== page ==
Nevertheless this young man, Jay Bromley, of course, went to a great school, played defensive tackle, had 10 sacks, which is really interesting. You stop and think about it, a kid playing basically a three technique who has 10 sacks, runs very well, he's quick, he plays hard. He plays hard, he runs well for a defensive lineman, he's a captain of his football team, he's well-respected, he's a quiet guy, he's some, although you wouldn't tell by the answer on the phone that I just went through because mom was there and mom was yelling and screaming. And when they heard it was the Giants, being from Jamaica, Queens, they were very, very excited. It's fun to share in the excitement of someone who is truly, truly… it meshes geographically because this guy is very close to his mom, because he played at Syracuse, because he is a man that's worked very hard for what he's got and will be asked to work even harder because he's around the 310 mark. You'd like him maybe to be a little bit bigger than that and to get back in the weight room and work.
One thing he does do is work so we have no question about this kid's character, his work ethic, his focus and how serious he is about the job that he's about to undertake. Those things being said, they speak very highly of what we've tried to do throughout this draft up to this point. We're excited about having this kid. It was great to hear him on the other end of the line and the excitement, which is genuine excitement, with which he answered the phone.
Q: You haven't talked about the significance of drafting three captains so far. In your experience in football, what does that tell you about a guy when he's a captain of his college team?
A: It tells me that he is an individual that not only is a good football player but he's someone that's well respected and trusted on the part of his teammates. Many times it's, I remember when I played it was pretty much a selection by the coach. That's probably not the case most of the time now. The players do have an opportunity to evaluate. When you have an individual, first of all, who is courageous, who is strong of character, strong of belief, an individual believes in the program who's willing to sacrifice and willing to pay the price when in fact he's being evaluated by those around him while it's taking place. Usually it speaks for a guy that gives his all, puts his heart into what he does, is not afraid to be an individual who leads by example that may be helpful to younger players in terms of how they direct themselves. He's not afraid to do that because he's putting his best foot forward.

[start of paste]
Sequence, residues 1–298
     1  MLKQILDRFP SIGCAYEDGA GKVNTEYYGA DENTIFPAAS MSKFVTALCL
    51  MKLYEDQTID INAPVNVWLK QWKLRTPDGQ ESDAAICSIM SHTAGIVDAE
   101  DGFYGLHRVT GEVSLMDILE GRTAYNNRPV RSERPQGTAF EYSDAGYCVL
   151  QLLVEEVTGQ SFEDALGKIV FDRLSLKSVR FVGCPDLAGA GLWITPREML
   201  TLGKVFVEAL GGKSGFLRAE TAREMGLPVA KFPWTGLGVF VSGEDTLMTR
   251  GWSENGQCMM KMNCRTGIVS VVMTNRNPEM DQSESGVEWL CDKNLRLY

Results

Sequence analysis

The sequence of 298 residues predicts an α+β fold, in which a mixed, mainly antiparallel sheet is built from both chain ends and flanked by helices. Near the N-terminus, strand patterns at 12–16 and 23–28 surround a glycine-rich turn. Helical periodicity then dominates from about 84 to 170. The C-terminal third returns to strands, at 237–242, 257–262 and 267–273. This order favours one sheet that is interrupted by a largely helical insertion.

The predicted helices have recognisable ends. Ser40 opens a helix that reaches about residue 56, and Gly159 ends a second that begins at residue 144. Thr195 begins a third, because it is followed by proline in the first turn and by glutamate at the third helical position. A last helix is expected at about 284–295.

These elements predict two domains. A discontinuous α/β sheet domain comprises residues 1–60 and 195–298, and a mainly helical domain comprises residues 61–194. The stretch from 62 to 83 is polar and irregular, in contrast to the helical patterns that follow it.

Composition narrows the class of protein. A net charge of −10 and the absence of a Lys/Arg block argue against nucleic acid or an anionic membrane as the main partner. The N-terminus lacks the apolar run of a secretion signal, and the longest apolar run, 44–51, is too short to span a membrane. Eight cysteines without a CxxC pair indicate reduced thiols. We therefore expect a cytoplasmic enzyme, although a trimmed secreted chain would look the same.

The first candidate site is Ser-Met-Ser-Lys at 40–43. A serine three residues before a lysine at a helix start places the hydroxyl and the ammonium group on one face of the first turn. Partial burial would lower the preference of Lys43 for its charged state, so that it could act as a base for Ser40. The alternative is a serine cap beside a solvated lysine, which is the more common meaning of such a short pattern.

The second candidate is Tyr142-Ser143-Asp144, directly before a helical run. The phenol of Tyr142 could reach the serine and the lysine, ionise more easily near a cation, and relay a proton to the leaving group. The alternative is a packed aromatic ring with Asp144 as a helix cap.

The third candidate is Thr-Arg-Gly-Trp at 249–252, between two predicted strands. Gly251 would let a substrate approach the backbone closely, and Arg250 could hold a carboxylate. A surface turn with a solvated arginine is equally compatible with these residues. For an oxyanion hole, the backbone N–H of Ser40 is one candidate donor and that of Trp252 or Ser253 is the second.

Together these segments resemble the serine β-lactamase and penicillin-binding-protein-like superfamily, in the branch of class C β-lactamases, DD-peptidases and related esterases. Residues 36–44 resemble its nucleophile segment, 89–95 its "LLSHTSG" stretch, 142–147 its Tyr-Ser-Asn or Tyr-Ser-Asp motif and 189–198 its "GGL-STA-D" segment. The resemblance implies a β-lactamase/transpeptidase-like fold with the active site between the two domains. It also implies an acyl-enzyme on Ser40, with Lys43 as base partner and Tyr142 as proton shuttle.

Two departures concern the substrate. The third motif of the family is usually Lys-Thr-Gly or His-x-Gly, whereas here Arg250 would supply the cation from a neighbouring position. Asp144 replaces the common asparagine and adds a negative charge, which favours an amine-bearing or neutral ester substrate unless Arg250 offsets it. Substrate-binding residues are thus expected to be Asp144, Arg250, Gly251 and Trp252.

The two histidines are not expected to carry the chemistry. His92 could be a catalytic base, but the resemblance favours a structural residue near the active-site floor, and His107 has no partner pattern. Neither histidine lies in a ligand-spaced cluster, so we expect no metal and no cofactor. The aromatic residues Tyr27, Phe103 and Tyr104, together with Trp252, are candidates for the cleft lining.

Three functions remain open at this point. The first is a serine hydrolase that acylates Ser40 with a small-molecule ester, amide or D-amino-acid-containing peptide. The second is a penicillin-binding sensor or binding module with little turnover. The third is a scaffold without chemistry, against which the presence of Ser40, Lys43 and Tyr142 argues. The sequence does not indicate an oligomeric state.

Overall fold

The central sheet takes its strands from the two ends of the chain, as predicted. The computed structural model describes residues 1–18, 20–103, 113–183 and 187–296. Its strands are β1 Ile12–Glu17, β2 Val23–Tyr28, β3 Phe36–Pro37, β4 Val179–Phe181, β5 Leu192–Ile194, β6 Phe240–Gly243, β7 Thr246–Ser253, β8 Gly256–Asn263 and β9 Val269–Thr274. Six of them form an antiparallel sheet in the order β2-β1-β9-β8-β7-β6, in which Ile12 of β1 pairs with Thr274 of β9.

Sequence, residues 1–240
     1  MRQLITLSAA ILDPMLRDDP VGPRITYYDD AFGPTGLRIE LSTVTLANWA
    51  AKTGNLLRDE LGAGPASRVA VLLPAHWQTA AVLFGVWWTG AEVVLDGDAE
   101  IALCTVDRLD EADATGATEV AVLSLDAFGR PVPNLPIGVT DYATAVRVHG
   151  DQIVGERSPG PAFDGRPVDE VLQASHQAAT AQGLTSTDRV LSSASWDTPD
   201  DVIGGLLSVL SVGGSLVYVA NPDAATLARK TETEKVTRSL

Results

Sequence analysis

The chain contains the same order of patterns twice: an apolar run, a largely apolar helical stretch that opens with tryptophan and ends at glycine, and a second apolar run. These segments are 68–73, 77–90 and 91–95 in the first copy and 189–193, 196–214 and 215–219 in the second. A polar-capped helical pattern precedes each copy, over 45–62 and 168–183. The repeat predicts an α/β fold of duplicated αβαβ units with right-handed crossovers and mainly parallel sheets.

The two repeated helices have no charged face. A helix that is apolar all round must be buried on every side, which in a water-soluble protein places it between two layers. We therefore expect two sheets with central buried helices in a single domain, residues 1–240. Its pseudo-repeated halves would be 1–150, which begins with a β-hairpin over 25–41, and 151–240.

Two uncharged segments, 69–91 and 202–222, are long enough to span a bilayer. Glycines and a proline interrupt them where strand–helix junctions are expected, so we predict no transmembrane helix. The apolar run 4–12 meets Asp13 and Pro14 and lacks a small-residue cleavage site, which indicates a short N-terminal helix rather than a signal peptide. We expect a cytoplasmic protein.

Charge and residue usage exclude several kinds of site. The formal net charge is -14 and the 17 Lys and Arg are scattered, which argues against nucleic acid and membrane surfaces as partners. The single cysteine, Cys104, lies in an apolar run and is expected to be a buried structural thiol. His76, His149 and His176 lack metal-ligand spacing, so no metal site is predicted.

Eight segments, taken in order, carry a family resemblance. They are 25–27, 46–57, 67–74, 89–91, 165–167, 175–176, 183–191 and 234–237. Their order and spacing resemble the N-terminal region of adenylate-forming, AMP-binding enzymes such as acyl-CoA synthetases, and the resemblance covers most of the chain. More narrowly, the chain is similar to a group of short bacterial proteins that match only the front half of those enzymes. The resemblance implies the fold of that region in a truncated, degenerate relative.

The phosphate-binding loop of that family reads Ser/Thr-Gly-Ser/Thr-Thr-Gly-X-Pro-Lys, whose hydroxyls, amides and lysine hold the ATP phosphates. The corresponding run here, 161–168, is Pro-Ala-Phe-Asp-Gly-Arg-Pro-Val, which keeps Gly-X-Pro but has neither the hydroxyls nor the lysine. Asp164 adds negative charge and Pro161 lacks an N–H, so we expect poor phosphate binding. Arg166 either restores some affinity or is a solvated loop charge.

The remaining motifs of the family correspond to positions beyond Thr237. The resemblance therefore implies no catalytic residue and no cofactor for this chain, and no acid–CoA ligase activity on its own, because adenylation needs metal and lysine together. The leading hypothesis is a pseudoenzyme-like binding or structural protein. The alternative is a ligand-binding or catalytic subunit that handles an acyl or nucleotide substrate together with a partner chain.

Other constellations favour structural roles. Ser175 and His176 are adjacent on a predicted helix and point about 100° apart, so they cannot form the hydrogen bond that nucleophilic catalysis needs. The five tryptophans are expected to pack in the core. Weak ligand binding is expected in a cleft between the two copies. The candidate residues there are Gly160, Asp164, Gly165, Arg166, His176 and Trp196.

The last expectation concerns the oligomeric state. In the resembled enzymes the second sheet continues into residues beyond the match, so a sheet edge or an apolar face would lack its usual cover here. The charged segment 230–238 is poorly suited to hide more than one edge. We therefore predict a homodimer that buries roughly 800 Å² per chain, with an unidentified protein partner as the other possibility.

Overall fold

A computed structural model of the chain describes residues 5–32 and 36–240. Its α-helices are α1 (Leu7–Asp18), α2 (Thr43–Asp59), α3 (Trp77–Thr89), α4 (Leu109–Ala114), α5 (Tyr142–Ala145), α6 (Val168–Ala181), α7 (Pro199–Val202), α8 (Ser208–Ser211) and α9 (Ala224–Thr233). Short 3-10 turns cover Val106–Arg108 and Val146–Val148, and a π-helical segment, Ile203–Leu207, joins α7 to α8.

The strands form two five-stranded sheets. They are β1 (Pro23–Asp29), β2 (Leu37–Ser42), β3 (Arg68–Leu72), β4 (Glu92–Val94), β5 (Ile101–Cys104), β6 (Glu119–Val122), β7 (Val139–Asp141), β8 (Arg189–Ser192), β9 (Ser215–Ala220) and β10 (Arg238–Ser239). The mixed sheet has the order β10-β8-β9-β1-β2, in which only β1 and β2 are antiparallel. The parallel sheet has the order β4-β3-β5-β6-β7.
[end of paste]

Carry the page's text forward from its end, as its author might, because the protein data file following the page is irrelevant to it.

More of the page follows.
It's not always perfect, it's not always the best, but he tries as hard as he possibly can and, by virtue of that, leads by example. Leading by example is the one sure way in which to indicate to people how it's done. It isn't about talking; it isn't about all that stuff. It's about playing hard, being consistent, having virtues and values that you believe in and are not willing to sacrifice them for popularity. I believe that's the kind of individuals that we would like to have working for the New York Giants in our program, guys that we can trust, guys that are football players and dedicate their minds and work ethic to becoming the very best that they can be.
Q: How much more of an emphasis was placed on this this year?
A: It's always an emphasis but I think it's probably been talked about more this year in the room than maybe last year or two years ago or whatever.
Q: Why do you think that is?